Nov 162011

Medical marijuana users in Fresno County saw perhaps their last hope for easier access to the drug vanish on Tuesday.

By a 4-1 vote, the Board of Supervisors rejected recommendations by an advisory group to loosen the county’s strict marijuana regulations, Kurtis Alexander reports in the Fresno Bee. Citing a drug trade that sells indiscriminately and profits by doing so, supervisors underscored the need for the current law, which bans pot dispensaries and prohibits people from growing marijuana anywhere but in industrial areas.

“What happens to all those people who benefit greatly from marijuana?” asked Linda Diaz, a local doctor who petitioned the board Tuesday for a more lenient policy. “Are we just going to drop them like hot potatoes?”

Medical marijuana advocates had hoped the supervisors would take the advice of a panel commissioned by the board to review the ordinance – and allow dispensaries to operate in limited fashion and permit patients to grow plants in their homes.

“You’re now forcing people to go out of the county or to the street for their medicine,” said Jody Watkins, a member of the advisory panel and owner of the dispensary Mind, Body and Soul Collective near Malaga.

The board’s decision to dismiss the panel’s recommendations comes on the heels of other bad news for the medical marijuana community.

Last week, a state appeals court ruled that cities and counties have latitude to regulate the trade, dimming prospects for a legal challenge to the county. Local advocates have long threatened a lawsuit.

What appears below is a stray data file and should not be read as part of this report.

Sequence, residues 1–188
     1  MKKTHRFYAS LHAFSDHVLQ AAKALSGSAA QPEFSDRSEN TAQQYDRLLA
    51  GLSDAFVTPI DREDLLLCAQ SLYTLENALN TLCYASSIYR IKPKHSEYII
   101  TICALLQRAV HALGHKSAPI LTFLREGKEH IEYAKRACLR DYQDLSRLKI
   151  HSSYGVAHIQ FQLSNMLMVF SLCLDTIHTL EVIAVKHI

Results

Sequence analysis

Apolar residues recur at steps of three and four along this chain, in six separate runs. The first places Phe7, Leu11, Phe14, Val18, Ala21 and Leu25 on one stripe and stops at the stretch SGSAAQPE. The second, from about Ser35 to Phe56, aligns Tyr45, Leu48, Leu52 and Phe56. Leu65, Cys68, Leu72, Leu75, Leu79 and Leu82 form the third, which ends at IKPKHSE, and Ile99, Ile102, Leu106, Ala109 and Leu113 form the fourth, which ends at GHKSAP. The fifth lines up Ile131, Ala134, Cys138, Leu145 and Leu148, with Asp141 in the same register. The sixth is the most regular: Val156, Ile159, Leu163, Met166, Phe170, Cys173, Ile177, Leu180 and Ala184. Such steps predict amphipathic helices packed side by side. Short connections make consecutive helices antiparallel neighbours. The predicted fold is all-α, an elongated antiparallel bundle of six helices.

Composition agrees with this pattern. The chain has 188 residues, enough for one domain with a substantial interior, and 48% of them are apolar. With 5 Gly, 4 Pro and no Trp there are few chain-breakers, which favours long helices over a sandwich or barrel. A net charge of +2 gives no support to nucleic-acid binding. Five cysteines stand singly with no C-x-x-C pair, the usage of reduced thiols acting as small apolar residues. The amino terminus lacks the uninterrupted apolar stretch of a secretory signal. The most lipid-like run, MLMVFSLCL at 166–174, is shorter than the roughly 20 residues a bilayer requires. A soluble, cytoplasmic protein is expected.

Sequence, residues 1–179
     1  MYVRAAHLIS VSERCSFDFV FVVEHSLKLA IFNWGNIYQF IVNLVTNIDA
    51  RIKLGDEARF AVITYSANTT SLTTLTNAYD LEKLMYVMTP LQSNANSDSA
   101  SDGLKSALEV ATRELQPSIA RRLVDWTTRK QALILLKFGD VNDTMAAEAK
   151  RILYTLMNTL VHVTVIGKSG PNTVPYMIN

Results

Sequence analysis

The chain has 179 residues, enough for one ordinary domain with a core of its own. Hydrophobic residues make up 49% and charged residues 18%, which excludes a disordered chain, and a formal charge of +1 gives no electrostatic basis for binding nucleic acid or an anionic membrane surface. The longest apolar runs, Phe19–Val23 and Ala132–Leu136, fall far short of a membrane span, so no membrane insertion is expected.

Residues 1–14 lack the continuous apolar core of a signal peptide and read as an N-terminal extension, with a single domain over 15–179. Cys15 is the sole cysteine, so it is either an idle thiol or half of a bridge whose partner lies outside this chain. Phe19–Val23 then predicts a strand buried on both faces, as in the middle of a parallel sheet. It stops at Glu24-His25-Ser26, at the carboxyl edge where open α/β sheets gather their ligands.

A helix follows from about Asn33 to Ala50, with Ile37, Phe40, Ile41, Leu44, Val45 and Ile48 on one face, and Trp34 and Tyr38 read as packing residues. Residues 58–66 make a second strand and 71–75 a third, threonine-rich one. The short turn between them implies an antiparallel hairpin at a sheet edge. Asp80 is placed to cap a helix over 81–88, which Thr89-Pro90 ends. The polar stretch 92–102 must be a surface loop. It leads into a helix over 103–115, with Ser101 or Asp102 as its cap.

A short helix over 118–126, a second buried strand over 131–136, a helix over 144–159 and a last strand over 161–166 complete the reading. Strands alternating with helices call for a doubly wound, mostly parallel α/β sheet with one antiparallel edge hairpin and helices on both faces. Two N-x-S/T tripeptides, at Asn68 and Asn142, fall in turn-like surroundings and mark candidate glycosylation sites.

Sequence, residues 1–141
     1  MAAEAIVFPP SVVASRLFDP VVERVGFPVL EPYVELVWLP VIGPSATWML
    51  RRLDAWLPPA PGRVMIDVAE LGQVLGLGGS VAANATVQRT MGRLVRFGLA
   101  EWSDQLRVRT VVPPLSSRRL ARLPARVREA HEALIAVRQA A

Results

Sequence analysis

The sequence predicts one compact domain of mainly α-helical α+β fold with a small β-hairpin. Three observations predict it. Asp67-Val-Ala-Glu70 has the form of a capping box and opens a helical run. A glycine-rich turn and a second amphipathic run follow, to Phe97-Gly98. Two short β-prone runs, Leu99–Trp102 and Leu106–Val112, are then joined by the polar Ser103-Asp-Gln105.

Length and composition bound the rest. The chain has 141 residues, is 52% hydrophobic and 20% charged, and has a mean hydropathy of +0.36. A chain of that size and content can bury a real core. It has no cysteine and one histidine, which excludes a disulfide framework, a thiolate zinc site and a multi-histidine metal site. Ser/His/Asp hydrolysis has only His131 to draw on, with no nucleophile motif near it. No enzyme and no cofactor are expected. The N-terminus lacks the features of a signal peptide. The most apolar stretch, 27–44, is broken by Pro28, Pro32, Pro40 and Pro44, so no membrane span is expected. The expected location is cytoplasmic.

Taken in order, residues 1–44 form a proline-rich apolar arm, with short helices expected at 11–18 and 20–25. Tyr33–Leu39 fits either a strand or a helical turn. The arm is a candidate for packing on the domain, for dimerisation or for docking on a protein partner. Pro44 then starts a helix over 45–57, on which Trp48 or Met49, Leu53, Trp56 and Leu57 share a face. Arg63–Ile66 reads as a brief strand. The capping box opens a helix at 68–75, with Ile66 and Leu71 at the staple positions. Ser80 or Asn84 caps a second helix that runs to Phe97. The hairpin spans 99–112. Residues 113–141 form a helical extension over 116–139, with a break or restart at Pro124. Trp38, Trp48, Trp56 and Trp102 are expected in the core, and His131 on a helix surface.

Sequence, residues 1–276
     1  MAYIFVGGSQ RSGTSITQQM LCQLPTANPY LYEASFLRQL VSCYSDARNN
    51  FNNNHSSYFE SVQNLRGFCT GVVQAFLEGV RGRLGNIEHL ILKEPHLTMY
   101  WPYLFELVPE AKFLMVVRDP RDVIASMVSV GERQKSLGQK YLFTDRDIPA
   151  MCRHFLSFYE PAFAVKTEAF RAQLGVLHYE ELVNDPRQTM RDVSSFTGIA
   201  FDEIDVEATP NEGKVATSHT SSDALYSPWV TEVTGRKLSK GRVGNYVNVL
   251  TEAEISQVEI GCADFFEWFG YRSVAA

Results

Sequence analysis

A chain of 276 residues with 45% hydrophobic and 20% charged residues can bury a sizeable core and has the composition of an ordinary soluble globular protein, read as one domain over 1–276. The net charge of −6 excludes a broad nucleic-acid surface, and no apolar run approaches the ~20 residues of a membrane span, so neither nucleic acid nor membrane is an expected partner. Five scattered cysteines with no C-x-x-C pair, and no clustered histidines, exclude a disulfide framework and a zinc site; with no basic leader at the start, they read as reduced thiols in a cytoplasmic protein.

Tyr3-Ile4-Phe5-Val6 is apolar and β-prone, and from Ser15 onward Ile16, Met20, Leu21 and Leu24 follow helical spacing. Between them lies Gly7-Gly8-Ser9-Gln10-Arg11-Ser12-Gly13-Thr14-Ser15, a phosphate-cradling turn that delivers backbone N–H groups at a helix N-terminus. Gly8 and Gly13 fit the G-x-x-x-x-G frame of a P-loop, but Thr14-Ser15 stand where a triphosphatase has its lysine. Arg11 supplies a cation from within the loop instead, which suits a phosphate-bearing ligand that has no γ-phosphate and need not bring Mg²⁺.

While state law permits people with a doctor’s prescription to use marijuana, it’s left to interpretation how the drug should be regulated.

Also this fall, federal prosecutors beefed up enforcement of a conflicting federal law that bans marijuana entirely. Fresno County was among the sites of the crackdown. Many of the owners of the county’s 15 or so pot dispensaries were ordered to close.

Others face the county ordinance, which gives the dispensaries until March to shut down.

Supervisor Henry Perea said a tighter policy on medical marijuana is needed because the local industry has gotten out of control. He said he supported the working group’s efforts to revisit the county ordinance, which passed this summer, but he thought the group’s recommendations would only lead to more problems.

He and other board members allege that drugs are being sold for recreational use, big money is being made on a business that’s supposed to be nonprofit, and violent crime is following the trade.

“I think there is legitimate use, but what I see is total abuse,” Perea said.

As it stands, the county medical marijuana ordinance allows the drug to be grown in a handful of industrial areas along Highway 99 and under strict conditions.

Supporters of the drug, however, have said the locations are inconvenient and the conditions make growing the plant next to impossible.

One dispensary owner estimated that some 20,000 medical marijuana users in the county will suffer as a result of the policy. County officials had no estimates for how many users there are.

Supervisor Susan Anderson represented the lone dissenting vote Tuesday.

“I don’t think this ordinance serves our public right,” she said.

Not only should the sick have the ability to get the drug, Anderson explained, they’re going to find a way to get the drug – even if they break the law to buy it or grow it.

“You can’t enforce this,” she said. “We’re going to break down people’s doors? It doesn’t make sense to me.”

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